Our image (50) is of a pair of nine-inch table-globes in engraved brass meridian rings, produced by Dudley Adams — the terrestrial dated 1810, the celestial 1811. His trade-card (51) references the family’s original shop-sign of “Tycho Brahe’s Head”, in honour of the celebrated Danish astronomer Tycho Brahe (1546-1601), the man with the brass nose.
Just as Dudley Adams left Fleet Street in 1817, another prominent family of globemakers arrived. On the other side of the street, in Johnson’s Court, from 1818 onwards, was the first Thomas Malby (1781-1854), who founded a dynasty including his son Thomas Malby 2 (1808-1877), and grandsons John Walter Malby (1832-1920) and Thomas Henry Malby (1828-1864). The founder of the firm died at his home in Crouch End in 1854 — it was called “Globe Cottage”. The family also made the globes sold by the famous publishing house of Edward Stanford (1827-1904), whose own premises in the nineteenth century were at the Charing Cross end of our route. The Malby firm, which was employing eighty men in the 1880s, survived until at least 1920.
We have already met John Senex on Cornhill, but for most of his career he was in Fleet Street — for the last twenty years of his life here at the Sign of the Globe opposite St. Dunstan’s church— in one of the shops to the left of our image (55). Senex began as a bookseller and among his earliest publications, in 1705, was Edmond Halley’s “Synopsis of the Astronomy of Comets” (56). He continued to work closely with Halley — a portrait of the great astronomer in the National Portrait Gallery (58) features a map they made together in 1715 (59). It predicted the forthcoming eclipse and was the first ever attempt at this type of map — showing the path of totality and the predicted timings. It was remarkably accurate, and not wholly pure science: it was also an exercise in preventing possible panic — “so that the sudden darkness … may give no surprise to people, who would, if unadvertised, be apt to look upon it as ominous”.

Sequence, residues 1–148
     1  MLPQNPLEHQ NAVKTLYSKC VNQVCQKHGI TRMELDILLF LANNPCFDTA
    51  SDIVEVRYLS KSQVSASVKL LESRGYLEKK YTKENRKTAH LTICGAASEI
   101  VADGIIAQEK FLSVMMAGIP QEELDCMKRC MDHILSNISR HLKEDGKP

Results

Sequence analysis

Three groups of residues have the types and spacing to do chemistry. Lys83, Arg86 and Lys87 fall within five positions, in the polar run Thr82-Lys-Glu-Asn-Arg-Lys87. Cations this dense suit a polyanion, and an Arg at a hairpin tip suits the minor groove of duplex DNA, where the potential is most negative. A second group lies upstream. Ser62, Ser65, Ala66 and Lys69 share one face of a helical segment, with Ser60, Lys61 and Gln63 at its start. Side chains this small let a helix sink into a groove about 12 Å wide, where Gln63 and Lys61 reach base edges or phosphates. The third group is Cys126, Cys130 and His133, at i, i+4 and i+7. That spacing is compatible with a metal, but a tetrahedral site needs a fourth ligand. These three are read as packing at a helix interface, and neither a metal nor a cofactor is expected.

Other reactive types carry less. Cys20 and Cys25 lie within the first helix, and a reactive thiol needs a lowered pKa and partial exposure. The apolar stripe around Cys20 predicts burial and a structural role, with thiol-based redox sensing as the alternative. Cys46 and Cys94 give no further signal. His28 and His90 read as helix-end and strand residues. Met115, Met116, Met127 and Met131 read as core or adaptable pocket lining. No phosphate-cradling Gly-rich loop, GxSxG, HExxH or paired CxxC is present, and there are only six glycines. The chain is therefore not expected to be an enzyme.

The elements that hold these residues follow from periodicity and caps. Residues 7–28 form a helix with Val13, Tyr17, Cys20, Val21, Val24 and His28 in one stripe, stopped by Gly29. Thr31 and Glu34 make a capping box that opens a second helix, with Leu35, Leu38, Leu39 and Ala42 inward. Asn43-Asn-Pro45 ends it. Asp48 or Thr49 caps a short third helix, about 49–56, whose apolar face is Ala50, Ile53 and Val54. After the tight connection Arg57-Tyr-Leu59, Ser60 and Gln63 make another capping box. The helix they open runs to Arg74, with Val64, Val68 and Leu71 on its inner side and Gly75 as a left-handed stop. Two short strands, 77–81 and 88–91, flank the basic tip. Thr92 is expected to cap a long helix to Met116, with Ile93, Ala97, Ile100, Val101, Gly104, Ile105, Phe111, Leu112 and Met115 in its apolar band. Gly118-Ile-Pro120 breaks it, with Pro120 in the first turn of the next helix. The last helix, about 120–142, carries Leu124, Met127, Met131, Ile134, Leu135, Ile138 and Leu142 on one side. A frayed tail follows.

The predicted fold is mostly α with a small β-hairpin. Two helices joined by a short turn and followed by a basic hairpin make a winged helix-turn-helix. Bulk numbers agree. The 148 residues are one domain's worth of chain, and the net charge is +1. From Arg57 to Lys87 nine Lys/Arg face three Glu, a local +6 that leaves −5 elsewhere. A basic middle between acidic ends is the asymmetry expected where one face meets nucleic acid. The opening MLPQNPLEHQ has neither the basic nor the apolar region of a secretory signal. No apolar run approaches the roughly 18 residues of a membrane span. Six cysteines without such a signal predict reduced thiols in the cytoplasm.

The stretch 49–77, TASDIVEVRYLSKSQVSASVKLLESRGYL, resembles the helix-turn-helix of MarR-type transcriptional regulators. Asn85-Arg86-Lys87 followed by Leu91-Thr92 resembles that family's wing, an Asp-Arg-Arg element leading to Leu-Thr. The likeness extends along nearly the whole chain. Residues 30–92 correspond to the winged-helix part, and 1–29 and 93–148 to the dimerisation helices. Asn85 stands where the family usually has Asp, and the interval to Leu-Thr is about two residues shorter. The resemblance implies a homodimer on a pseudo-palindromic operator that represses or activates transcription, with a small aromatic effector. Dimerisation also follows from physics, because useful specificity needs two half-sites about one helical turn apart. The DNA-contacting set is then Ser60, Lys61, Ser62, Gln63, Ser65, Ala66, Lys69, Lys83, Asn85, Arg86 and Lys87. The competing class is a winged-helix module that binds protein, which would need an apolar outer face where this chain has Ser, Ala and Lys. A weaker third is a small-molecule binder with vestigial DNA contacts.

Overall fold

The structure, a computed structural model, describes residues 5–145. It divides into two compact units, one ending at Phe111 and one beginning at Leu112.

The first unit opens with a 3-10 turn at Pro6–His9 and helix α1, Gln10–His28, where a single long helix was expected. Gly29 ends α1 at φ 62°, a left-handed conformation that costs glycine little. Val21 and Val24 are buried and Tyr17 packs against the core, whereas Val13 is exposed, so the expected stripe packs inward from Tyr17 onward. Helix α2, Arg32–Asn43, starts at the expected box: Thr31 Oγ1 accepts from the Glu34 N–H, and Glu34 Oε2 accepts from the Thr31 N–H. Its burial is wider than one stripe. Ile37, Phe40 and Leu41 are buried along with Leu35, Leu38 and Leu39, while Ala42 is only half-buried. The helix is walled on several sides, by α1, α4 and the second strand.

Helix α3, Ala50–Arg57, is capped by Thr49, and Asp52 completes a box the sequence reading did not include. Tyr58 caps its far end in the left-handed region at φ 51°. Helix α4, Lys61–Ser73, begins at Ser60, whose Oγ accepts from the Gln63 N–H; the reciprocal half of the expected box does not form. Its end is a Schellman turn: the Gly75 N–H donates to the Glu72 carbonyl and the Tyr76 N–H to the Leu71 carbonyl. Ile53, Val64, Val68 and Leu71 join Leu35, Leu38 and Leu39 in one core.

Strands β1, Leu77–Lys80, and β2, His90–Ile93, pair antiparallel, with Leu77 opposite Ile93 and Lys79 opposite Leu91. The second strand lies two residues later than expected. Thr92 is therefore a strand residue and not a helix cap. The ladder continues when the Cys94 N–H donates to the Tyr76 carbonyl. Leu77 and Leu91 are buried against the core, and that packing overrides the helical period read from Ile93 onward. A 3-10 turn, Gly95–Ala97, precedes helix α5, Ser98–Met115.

Senex was a fine mapmaker — and as a globemaker, incomparably the best of his time, with examples of his work in collections across the world. When he died in 1740, his wife Mary Senex (1704?-1767) took over the business and ran it for the next fifteen years, becoming the leading globemaker in London in her own right. She retired at the end of 1755 and went to live with her daughter in Dorset, where she died in 1767. She owned an estate at Islington, let out for sixty guineas a year, which she left to the daughter — for her own “separate use, and for her husband never to intermeddle” with. For more on John and Mary Senex, see John Senex (1678-1740): Bookseller, Mapmaker & Globemaker.
On exactly the same spot as the Senexes had been, a hundred years later, we find the imposing premises of George Philip (1800-1882) at No. 32 Fleet Street. A Scotsman who began as a bookseller in Liverpool, he built up a massive trade in maps and atlases — an entrepreneur who contracted out the origination of the maps and concentrated on selling them. Our image (66) features “Philip’s 18 Inch Merchant Shippers’ Globe” published from No. 32 Fleet Street in about 1920 and showing the routes of steamships and underwater cables, etc.
Going back in time, over on the north side of Fleet Street, between St. Dunstan’s and Chancery Lane, close to Temple Bar, we discover Richard Cushee (1696-1733), whom we have already met working with Thomas Wright, the orrery maker. A joint advertisement for their globes (67), engraved by Cushee, appeared in Joseph Harris, “The Description and Use of the Globes and the Orrery”, which they co-published in 1731-1732. Cushee had been apprenticed to Charles Price for the sum of £5 in 1710 and had also worked closely with John Senex. He died at the age of thirty-six and the business passed to his widow, Elizabeth Cushee (fl.1733-1773). Born Elizabeth Wyeth in 1704, she was the sister of the instrument-maker and surveyor William Wyeth (1710-1741), who also worked with Wright. She was selling globes here at the Sign of the Globe & Sun, for at least thirty years. Our images include a 1730 globe by Richard Cushee (68) which can be explored in detail on the British Library website, and a pocket globe of about 1745, which although still bearing Richard Cushee’s name, must have been produced by Elizabeth.